an englishman's appreciation of home
Where: North, South, East & West of England. United Kingdom, Europe.
When: From Birth to the Present
Highlights: Royal Pavilion at Brighton, White Cliffs at Seaford, Southend & Brighton Piers, Stonehenge in Wiltshire, Liver Building in Liverpool, River Thames in London, Bull Ring Centre in Birmingham, Roman Baths at Bath, Royal Crescent in Bath, Shakespeare's Birthplace in Stratford, Jodrell Bank in Cheshire, Millennium Dome & Canary Wharf in London, Tyneside Bridges in Newcastle, White Horses in Wiltshire, Severn Bridge in Bristol, Slate Houses in the Lake District, Traditional Thatched Cottages of the South West, Victorian Terraced Housing in Bradford, Roman Baths at Bath, The Minster at York, Clifton Suspension Bridge at Bristol.
"I will not cease from mental fight,
Nor shall my sword sleep in my hand:
Till we have built Jerusalem,
In England's green and pleasant land."
...goes the famous refrain of William Blake's hymn Jerusalem - perhaps the most rousing lyrics concerned with England's spirit - lyrics which would make the hairs of even the most ardent of atheists and most strident of internationalists stand on end (listen here). Aside from the dreadful dirge that is God Save the Queen, Blake's Jerusalem is the unofficial, and true, anthem of England.
Sometimes people are so busy looking for adventure overseas that they fail to give what is in their own metaphorical English backyard the most cursory of glances. Paradoxically, it is only when you have been abroad and sampled some of the more soulless of places out there that you begin to appreciate the heritage that England, and the wider British Isles, has and how readily we take what we have here for granted. Generalising significantly for the sake of brevity, part of the English national character is to humbly downplay, to talk dismissively, to undervalue. It would be so frightfully uncouth for one to boast aloud, wouldn't it?
International travel has made me more aware of the number of countries which lack history: there are a lot of new countries out there earnestly manufacturing a past and a national character. In Iceland there are no regional accents - everyone pronounces words the same. In Doha, the Qatari capital, the city has been built from scratch in the last twenty years and buildings in the 'old' souk area have been deliberately distressed to make them appear old as the country struggles to establish a history and national identity. In Australia, the oldest building you're ever likely to see on a day to day basis herald from the Victorian era. All of this has left me re-examining England through a new appreciative prism.
It was the opening ceremony of the London Olympics in 2012 where, finally, England, as part of the United Kingdom, celebrated its history and achievements with reverence and gusto so unlike our humble, self-effacing culture (watch the opening ceremony here). Some commentators in the international media thought we were boastful and arrogant. A commentator in Greece decried the “sense of exaggerated British national pride". This negativity, however, belies a country whose heritage and achievements I appreciate more so than ever before. As goes the maxim 'If you've got it, flaunt it'. Travel has metaphorically taken me away from England - but then brought me closer to it. I suppose that's exactly the way it should be, shouldn't it?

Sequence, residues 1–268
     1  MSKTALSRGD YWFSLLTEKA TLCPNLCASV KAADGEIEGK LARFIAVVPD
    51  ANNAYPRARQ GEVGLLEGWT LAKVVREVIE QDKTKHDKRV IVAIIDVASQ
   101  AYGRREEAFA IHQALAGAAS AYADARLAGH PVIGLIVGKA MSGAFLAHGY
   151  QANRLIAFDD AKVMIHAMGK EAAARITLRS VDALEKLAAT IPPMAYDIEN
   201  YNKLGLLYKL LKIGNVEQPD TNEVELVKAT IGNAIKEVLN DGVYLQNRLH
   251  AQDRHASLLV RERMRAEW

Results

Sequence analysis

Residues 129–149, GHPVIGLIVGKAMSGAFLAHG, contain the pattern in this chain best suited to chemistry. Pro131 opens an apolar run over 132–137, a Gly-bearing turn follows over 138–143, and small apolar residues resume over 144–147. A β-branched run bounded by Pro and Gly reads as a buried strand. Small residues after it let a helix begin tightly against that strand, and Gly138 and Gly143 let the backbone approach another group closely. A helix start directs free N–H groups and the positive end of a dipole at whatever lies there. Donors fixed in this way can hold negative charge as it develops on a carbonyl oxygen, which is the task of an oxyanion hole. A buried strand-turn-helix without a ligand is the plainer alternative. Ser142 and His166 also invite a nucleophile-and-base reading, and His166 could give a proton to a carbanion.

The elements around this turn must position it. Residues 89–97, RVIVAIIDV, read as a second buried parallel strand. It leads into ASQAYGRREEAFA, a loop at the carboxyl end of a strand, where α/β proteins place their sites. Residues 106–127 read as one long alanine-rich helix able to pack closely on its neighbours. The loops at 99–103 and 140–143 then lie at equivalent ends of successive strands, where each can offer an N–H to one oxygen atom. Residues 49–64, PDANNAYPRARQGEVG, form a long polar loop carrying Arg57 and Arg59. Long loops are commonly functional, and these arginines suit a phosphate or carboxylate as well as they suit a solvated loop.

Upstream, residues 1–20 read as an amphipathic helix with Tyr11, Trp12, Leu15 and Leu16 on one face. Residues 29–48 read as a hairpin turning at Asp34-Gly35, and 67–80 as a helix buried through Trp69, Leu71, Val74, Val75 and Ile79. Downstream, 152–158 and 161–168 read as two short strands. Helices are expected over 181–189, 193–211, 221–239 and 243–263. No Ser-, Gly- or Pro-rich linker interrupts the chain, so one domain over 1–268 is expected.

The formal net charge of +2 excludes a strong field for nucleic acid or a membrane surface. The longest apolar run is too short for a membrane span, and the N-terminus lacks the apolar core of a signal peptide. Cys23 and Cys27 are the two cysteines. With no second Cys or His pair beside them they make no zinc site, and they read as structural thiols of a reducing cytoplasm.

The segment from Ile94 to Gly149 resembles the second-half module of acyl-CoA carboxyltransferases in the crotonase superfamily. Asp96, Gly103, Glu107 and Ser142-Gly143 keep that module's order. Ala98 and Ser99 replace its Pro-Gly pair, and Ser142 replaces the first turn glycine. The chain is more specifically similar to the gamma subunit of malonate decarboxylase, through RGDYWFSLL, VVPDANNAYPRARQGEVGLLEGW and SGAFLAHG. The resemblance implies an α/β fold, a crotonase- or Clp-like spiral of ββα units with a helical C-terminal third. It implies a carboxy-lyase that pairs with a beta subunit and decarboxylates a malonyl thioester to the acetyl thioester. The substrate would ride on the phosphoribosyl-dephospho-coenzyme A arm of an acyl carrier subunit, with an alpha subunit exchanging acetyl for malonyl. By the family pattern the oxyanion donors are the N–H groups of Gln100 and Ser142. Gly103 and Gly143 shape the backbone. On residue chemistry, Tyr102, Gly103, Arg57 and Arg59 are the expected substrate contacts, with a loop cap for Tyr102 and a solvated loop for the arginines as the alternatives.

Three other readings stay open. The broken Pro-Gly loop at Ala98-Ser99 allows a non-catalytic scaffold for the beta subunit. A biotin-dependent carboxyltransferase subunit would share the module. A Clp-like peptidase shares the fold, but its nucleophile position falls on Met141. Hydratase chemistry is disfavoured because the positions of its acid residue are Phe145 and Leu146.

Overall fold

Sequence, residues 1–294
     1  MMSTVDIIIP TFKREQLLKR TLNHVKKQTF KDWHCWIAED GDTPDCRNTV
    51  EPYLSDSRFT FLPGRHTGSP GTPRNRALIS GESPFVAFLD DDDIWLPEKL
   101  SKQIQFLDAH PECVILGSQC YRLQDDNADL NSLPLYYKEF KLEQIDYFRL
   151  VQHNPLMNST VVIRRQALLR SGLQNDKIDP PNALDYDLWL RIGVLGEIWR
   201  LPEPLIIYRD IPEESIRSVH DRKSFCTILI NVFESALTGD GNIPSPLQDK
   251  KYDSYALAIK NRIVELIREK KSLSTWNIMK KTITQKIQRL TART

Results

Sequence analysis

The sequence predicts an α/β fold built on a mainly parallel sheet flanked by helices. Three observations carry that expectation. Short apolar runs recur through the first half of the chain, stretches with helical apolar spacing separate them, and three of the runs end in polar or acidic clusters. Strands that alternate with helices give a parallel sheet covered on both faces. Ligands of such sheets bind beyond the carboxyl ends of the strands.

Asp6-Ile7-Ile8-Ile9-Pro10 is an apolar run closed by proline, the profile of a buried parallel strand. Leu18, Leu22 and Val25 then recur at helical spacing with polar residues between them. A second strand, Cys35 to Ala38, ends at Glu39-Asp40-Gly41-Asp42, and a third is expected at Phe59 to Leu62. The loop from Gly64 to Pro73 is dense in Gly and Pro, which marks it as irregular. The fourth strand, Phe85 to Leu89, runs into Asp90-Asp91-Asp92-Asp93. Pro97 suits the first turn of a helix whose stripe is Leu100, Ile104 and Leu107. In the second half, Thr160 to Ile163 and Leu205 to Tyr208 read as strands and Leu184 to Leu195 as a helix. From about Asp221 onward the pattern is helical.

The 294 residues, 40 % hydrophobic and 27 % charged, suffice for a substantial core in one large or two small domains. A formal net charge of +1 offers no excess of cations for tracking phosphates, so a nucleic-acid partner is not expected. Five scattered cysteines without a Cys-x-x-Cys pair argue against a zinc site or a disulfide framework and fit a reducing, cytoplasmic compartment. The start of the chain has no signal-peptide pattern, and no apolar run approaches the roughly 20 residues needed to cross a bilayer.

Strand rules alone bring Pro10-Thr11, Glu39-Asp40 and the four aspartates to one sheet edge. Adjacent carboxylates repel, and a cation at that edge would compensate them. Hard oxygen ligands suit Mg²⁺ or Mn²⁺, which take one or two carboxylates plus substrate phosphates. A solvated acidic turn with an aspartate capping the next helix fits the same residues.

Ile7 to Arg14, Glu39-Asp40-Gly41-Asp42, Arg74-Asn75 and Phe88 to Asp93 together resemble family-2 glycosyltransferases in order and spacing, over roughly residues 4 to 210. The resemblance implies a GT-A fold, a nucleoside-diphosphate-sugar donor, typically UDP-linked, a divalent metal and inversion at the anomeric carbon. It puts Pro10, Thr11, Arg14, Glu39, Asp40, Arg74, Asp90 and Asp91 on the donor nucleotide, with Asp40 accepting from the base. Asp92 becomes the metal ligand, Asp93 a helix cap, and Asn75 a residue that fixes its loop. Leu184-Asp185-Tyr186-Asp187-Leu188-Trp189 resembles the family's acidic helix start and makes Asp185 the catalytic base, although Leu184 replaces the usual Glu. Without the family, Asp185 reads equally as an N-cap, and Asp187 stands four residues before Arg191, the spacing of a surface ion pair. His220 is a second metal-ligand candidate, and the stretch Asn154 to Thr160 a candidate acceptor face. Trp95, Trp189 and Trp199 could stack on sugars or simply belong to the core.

So here, by way of a celebratory summary of England's green and pleasant land, is a compilation of photographs from all points of my English travel compass, photographs which I feel help capture a sense of the character, and heritage, of England.
Update: In March 2016 I emigrated to Sydney, Australia. Check out my Australia Blog which charts the highs and lows of my move Down Under.
Stonehenge's iconic sarsans. Wiltshire. South West England.
The extraordinary fascia of the Bull Ring Centre in Birmingham. The Midlands.
The Houses of Parliament and the Big Ben clock tower in the City of Westminster. South East England.
Beach-side scenes from the Humber Bridge in Hull, East Riding of Yorkshire. Northern England.
The fantastical blend of Oriental and Gothic styles in the Royal Pavilion at Brighton. Southern England.
Moored boats at Leigh-on-Sea. South Eastern England.
War Museum North in Salford. North West England.
Buxton, East Midlands.
travel tips, links & resources
- England is as interesting as it is varied. Seek out some its more unusual sights, including the bizarre and the beautiful.
- For glimpses of the past in relation to the Industrial Revolution head to Manchester and the North West.
- For glimpses of maritime history head to Portsmouth on the South Coast or Newcastle-upon-Tyne in the North East.
- For a sense of chocolate box England, including thatched cottages and cobbled streets, head to England's South West.
- For windswept scenes reminiscent of the Bronte sisters' novels, head to West Yorkshire.
- For a sense of how the average Englander spends their leisure time, head to Blackpool in the North West or Brighton on England's South Coast.
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